The map reminds us that besides the human toll, which is incalculable, there are other deeply disturbing things about this conflict. War threatens to spread like wildfire.
With the world’s eyes on Russia, the Mullahs of Iran are flexing their martial muscles again, firing missiles at a U.S. consulate in Iraq. In North Korea, Kim Jong Un is up to his usual intimidation tactics, with a keen eye to “reunite” the Korean Peninsula with a march through South Korea.
More worrying still, the Chinese Communist Party has already begun warning the world of the “worst consequences” should any nation provide material military support to Taiwan in the event of an invasion by the People’s Liberation Army.
Taking a page from Vladimir Putin’s book by threatening nuclear war, without even the courtesy of thinly veiling it, Chinese supreme leader Xi Jinping is undoubtably learning much from watching Russian struggles in Ukraine.
No doubt Jinping hopes to accomplish in Taiwan what Putin planned to accomplish in the Ukraine, only in far less time. Overwhelming force in Taiwan by the far-superior Chinese military would mean less time for world leaders to interfere, less time for pro-Taiwan forces to dig in on their home turf.
Threatening nuclear war is a conversation killer, a diplomatic brick wall. It is the unhinged threat of a terrorist, of an extremist willing to achieve their goals by any means necessary.
Of course, crossing the Rubicon of threatening to use violence to achieve an end is only required once. There is a good reason most world governments make it an official policy not to negotiate with terrorists.
Someone willing to use the threat of nuclear force to achieve one end will soon find other important ends that need achieving at any cost.
Today, Vladimir Putin is threatening nuclear retaliation against any nation defending the Ukraine against Russian forces or attacking Russia; tomorrow, the threat of nuclear war will be wielded for other reasons, too.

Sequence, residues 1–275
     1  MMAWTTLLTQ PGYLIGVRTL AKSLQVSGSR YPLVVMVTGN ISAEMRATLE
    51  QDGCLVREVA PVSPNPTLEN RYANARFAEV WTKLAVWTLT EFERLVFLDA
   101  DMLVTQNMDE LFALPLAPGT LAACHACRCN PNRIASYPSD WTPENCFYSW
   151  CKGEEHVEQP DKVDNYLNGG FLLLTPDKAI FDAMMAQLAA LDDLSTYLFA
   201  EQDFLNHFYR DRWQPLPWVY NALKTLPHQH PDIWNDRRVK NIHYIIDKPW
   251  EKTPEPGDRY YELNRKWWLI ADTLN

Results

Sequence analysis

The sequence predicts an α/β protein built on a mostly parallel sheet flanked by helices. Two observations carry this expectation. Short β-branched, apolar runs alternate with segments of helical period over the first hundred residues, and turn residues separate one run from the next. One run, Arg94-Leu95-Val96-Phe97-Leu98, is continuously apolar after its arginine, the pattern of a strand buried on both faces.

“No humanitarian support for Ukraine…or else,” or, “No accepting Ukrainian refugees…or else.”
“Unlike long-range strategic nuclear weapons designed to destroy cities, tactical nuclear weapons are meant to press military advantage on the battlefield,” wrote Alexandra Vacroux, executive director of the Davis Center for Russian and Eurasian affairs on the National Security Council, this morning for USA Today. “The Soviet Union had about 20,000 such weapons as a way of compensating for conventional forces that were weaker than those of the United States and NATO. Estimates vary for how many ‘nonstrategic’ weapons are now in Russia’s arsenal; it may be up to a quarter of what the USSR had before its fall.”
Employing a strategy Russian military forces call “escalate to de-escalate”, Putin could attempt to employ overwhelming force to bring a quick end to the conflict- via tactical nuclear weapons.
As much as world leaders would like to avoid being drawn into and escalating this conflict, there is a good reason not to choose expediency, as indeed the easiest choice may be the choice to merely delay. Like it or not, whether this conflict escalates or spreads isn’t really up to world leaders at all.
“As we seek to avoid World War III, we must remember Putin will use his own definitions of what constitutes escalation and direct NATO intervention in the war,” Vacroux concludes. “Putin cited ‘aggressive statements’ by NATO countries and financial sanctions when raising Russian military readiness levels. He might decide that supplying more weapons to Ukraine constitutes escalation by NATO and respond more aggressively.”
Vacroux has a good point, and it is a point being glossed over or outright ignored by too many well-meaning media outlets trying to bring a swift end to this invasion with carefully couched news coverage.
This conflict wasn’t started by sensible world leaders trying to mediate an end to the violence; it was started by Vladimir Putin and only he knows how far he is prepared to take it.
(contributing writer, Brooke Bell)